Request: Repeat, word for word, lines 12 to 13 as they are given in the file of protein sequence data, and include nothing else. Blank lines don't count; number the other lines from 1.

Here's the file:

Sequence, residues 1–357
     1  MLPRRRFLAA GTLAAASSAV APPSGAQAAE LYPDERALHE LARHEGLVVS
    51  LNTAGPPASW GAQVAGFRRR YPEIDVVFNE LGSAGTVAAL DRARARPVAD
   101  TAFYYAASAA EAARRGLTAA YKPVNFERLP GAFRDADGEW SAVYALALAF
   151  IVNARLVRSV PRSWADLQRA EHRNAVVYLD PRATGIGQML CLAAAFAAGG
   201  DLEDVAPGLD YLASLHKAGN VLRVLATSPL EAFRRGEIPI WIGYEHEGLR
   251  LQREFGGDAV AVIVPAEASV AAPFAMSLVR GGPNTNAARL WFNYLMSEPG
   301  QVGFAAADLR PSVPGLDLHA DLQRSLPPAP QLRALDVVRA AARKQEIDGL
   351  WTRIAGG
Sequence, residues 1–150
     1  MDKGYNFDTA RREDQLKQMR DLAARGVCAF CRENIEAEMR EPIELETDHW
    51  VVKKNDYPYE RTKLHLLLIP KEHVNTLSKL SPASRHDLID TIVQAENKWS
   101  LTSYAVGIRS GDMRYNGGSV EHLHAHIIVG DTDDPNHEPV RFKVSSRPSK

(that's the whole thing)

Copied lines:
    51  VVKKNDYPYE RTKLHLLLIP KEHVNTLSKL SPASRHDLID TIVQAENKWS
   101  LTSYAVGIRS GDMRYNGGSV EHLHAHIIVG DTDDPNHEPV RFKVSSRPSK